Got a craving for Stew?
I saw Passing Strange on Wednesday night.
If you like Stew, and you want to see him in concert, then you will love this show.
You should also see this show if you think only commercial stuff that appeals to the masses gets produced on Broadway.
Because it’s not true.
Non-commercial stuff gets produced all the time (and thank God we have “Patron of the Arts” Producers like the ones above the title on Passing Strange that are in a position to push our manila envelope).
The non-commercial stuff usually just doesn’t run or recoup.
Not that there’s anything wrong with that, as long as you and your investors know why you’re doing what you’re doing.
Establish expectations early. Then if you exceed them and actually return money, it’ll be like finding a $20 bill in you pocket after doing the laundry.
There are zillions of reasons to produce shows that are exceptionally high risk and “non-commercial”: commitment to the arts, possible Tony Awards, and so on.
My favorite reason for doing something that may not be the next Mamma-Mia is to develop and foster relationships with creatives, something I urge all young Producers to do.
Produce the plays of the passionate people around you. Your peers are the playwrights of tomorrow, even if their plays of today may not be taking home Pulitzers. But what about the one they haven’t even thought of yet?
And here’s a wonderful fact about human nature: reciprocity works. Do something for someone today, and they’ll be inclined to do something for you tomorrow, especially if you took a risk when no one else would . . . and lost.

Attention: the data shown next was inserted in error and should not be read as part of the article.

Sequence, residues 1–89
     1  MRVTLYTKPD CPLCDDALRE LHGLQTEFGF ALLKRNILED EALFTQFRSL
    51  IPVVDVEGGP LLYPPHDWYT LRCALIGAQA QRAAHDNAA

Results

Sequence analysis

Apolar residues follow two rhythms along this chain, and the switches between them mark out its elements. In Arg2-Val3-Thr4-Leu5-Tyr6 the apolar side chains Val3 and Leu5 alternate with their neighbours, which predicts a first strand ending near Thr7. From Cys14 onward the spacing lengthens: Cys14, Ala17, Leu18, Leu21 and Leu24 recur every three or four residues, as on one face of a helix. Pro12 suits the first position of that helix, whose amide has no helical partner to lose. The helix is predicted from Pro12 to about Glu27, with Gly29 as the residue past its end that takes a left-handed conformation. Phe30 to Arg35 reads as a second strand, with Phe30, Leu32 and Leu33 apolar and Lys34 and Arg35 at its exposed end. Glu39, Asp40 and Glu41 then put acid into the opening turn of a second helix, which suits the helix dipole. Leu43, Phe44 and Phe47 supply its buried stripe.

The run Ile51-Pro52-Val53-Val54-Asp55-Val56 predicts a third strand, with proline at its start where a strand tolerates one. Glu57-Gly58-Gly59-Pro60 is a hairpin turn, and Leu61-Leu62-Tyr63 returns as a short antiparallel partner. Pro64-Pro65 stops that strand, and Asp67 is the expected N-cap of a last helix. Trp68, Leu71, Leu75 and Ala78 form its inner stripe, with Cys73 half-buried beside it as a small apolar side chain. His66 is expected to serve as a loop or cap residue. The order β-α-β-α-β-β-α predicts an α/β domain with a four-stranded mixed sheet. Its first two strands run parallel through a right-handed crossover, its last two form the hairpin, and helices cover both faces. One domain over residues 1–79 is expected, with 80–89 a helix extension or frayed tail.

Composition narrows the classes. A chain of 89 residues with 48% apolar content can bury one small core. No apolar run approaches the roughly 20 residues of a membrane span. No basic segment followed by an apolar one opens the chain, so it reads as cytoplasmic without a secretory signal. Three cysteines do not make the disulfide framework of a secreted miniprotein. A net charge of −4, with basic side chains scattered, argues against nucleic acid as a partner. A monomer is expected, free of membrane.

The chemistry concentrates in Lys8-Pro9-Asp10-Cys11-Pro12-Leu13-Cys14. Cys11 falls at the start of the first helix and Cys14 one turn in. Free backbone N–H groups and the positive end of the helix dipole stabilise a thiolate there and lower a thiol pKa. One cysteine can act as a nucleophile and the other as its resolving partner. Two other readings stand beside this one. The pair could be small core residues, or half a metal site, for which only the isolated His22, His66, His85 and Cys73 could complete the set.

My favorite example of this concept is the birth of one of the youngest producing houses on Broadway in the last few decades: The Araca Group.
One of Araca’s first plays was called Skyscraper. Cost them $30k and they lost it.
However, It was also the first play by David Auburn.
When David Auburn was at the Fringe Festival being wowed by a small musical, guess who he called first, before the show was even over!
“David called me at intermission and said, ‘You must come and see this show,'” Michael Rego recalled. So they did. Within months, they had secured the rights to Urinetown . . .
– New York Times
Careers begin, like life, with relationships. It’s no coincidence that the Altar Boyz creative team consists of a guy I shared a room with in summer stock, a guy I shared a show with at the former Ford Center, and two guys I shared a tour with in 2000.
I got lucky. My first one paid off. The people behind Passing Strange most likely won’t be so lucky.
But that’s ok. They know the why they’re doing it. And since one of the lead Producers is the owner of the theater, they have a little more control over one of Broadway’s biggest weekly expenses: rent.
Read the full story about the birth of Araca here.
Click below to see my favorite example of producing a show for a relationship in the last decade here.
But before you do . . . guess what the show was.
Click here as you think.
Click here for the results
BREAKING NEWS: I wrote this blog last night, before Isherwood’s rave in the Times this morning. It will be interesting to see if this review has an effect on the show’s financial and commercial viability. Anyone want to take any bets?
Broadway, known for its dazzling performances and captivating storytelling, has…
So much has changed in our industry . . ….
Ken created one of the first Broadway podcasts, recording over 250 episodes over 7 years. It features interviews with A-listers in the theater about how they “made it”, including 2 Pulitzer Prize Winners, 7 Academy Award Winners and 76 Tony Award winners. Notable guests include Pasek & Paul, Kenny Leon, Lynn Ahrens and more.